Meet Edison Crane. Multi gazillionaire, risk taker, impossible situation solver and the smartest man on the planet. Always seeking new ways to challenge his massive intellect whether it's playing multiple chess masters at once and saving the world from being destroyed by an asteroid, Edison always comes out on top but could mysterious materializations in Australia finally stump the super genius?
I can’t say this first installment blew me away, but it is a solid start in a series that will be getting the TV treatment and which may make for more intriguing television than a comic book, although I may be putting the cart ahead of the horse as it’s the only issue one. Millar does a good job of establishing the character of Edison Crane with a series of flashbacks. These include several of Edison’s childhood which serve to show the character as both the ever curious prodigy he is as well as speak to a certain fearlessness and arrogance which comes from possessing such a towering intellect and the belief that one knows the answer to any problem. How many other teenagers would decide to attempt heart surgery on their parent’s guest’s child?
The storyline sees the ever inquisitive Crane who is constantly looking for stimulation by solving impossible problems and pulling off even more impossible stunts pulled into investigating a possible inter-dimensional invasion with a CIA agent showing up to deepen the mystery the first issue sets up.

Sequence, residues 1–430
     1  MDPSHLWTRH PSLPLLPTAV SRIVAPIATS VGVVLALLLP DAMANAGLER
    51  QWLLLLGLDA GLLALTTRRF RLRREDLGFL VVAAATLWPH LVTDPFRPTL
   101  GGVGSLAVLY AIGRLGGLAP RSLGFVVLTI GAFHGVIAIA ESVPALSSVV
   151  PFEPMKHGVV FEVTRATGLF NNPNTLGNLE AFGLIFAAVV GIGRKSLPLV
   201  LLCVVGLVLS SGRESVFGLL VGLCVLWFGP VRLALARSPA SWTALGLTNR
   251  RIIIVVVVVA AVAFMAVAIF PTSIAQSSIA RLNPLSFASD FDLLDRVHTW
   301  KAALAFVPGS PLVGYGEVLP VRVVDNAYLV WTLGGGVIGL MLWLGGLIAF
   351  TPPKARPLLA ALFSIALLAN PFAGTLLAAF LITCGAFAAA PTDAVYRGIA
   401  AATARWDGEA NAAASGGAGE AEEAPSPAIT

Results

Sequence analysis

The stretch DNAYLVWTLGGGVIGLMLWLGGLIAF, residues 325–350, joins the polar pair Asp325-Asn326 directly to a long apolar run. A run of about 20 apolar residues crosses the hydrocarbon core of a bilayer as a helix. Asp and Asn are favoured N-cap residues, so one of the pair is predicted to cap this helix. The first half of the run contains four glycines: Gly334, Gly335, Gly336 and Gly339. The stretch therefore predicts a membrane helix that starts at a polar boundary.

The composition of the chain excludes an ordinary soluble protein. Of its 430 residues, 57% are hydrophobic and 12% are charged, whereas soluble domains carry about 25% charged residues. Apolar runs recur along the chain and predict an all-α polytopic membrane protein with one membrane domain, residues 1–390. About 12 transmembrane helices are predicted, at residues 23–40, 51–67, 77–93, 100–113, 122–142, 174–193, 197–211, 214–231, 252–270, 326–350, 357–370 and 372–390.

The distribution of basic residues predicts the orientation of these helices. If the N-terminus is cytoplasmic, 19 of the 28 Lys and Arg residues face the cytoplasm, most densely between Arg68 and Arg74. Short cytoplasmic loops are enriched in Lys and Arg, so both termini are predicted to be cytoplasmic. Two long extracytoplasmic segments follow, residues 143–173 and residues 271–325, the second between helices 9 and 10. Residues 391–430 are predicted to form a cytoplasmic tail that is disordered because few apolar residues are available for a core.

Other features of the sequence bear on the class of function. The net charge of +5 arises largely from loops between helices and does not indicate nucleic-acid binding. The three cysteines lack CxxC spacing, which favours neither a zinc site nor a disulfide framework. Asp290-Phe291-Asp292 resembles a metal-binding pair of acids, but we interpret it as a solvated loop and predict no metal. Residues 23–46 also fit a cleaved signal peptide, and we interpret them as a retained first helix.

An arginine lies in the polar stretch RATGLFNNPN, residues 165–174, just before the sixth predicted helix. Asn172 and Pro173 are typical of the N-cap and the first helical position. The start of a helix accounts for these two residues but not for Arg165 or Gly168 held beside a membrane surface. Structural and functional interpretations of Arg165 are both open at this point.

As smart as he is Crane’s life isn’t flawless with several of the aforementioned flashback moments detailing some of the problems in his life including the estrangement from his father and that works well to humanize the character. I am keen to see if Millar will further explore the psychological underpinnings of being such a superior intellect amongst a sea of normality in the series.
The art team on this series is exceptional as Millar once again has a stellar team to help deliver his vision. Rafael Albuquerque’s line art is top notch and his use of the black shadow in drawings is a thing of beauty. Colorist Marcelo Maiolo’s color palette is deceptively simple and truly excellent in its match to Alburquerques lines. Letterer Peter Doherty, who worked on The Magic Order as well, places the dialogue perfectly and the comic moves seamlessly from start to finish.
The next chapter in the construction of the Millarverse isn't quite as genius as it's namesake but it's a solid, well written first issue that ticks all the boxes. It is well executed by a talented art team and has just enough of a hook to make me want to read the next issue and see where we are headed with the storyline.
Prodigy #1: Meet Edison Crane
Writing - 7/107/10
Storyline - 7/107/10
Art - 8/108/10
Color - 8/108/10
Cover Art - 8/108/10
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